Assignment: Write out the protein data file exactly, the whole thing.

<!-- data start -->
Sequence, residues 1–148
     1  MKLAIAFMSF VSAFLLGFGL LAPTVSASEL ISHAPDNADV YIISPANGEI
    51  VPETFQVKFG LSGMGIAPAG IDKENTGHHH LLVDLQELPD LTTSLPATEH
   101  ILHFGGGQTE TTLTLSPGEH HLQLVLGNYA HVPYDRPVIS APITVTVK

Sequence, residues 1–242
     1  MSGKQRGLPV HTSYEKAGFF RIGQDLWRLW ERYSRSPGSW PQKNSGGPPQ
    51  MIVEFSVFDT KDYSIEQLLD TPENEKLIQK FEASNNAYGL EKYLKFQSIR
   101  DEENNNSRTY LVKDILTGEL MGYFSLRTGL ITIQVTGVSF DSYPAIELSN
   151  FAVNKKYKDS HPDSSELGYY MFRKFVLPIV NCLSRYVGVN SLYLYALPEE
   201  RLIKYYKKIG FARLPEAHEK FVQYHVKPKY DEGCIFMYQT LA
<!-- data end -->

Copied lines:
Sequence, residues 1–148
     1  MKLAIAFMSF VSAFLLGFGL LAPTVSASEL ISHAPDNADV YIISPANGEI
    51  VPETFQVKFG LSGMGIAPAG IDKENTGHHH LLVDLQELPD LTTSLPATEH
   101  ILHFGGGQTE TTLTLSPGEH HLQLVLGNYA HVPYDRPVIS APITVTVK

Sequence, residues 1–242
     1  MSGKQRGLPV HTSYEKAGFF RIGQDLWRLW ERYSRSPGSW PQKNSGGPPQ
    51  MIVEFSVFDT KDYSIEQLLD TPENEKLIQK FEASNNAYGL EKYLKFQSIR
   101  DEENNNSRTY LVKDILTGEL MGYFSLRTGL ITIQVTGVSF DSYPAIELSN
   151  FAVNKKYKDS HPDSSELGYY MFRKFVLPIV NCLSRYVGVN SLYLYALPEE
   201  RLIKYYKKIG FARLPEAHEK FVQYHVKPKY DEGCIFMYQT LA